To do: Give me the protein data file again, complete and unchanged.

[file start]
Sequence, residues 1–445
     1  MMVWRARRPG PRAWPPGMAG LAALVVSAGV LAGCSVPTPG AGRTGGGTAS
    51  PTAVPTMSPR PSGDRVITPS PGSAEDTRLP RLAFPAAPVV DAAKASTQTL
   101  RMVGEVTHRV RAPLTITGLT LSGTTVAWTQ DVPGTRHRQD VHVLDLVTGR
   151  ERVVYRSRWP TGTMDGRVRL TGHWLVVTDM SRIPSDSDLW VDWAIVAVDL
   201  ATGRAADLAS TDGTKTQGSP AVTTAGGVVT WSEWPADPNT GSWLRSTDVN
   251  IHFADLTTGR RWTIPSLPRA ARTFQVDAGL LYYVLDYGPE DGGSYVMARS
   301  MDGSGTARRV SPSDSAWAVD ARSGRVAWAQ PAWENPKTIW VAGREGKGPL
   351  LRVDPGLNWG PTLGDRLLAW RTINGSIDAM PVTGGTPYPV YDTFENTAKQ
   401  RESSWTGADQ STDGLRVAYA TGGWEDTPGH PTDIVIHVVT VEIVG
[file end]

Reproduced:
Sequence, residues 1–445
     1  MMVWRARRPG PRAWPPGMAG LAALVVSAGV LAGCSVPTPG AGRTGGGTAS
    51  PTAVPTMSPR PSGDRVITPS PGSAEDTRLP RLAFPAAPVV DAAKASTQTL
   101  RMVGEVTHRV RAPLTITGLT LSGTTVAWTQ DVPGTRHRQD VHVLDLVTGR
   151  ERVVYRSRWP TGTMDGRVRL TGHWLVVTDM SRIPSDSDLW VDWAIVAVDL
   201  ATGRAADLAS TDGTKTQGSP AVTTAGGVVT WSEWPADPNT GSWLRSTDVN
   251  IHFADLTTGR RWTIPSLPRA ARTFQVDAGL LYYVLDYGPE DGGSYVMARS
   301  MDGSGTARRV SPSDSAWAVD ARSGRVAWAQ PAWENPKTIW VAGREGKGPL
   351  LRVDPGLNWG PTLGDRLLAW RTINGSIDAM PVTGGTPYPV YDTFENTAKQ
   401  RESSWTGADQ STDGLRVAYA TGGWEDTPGH PTDIVIHVVT VEIVG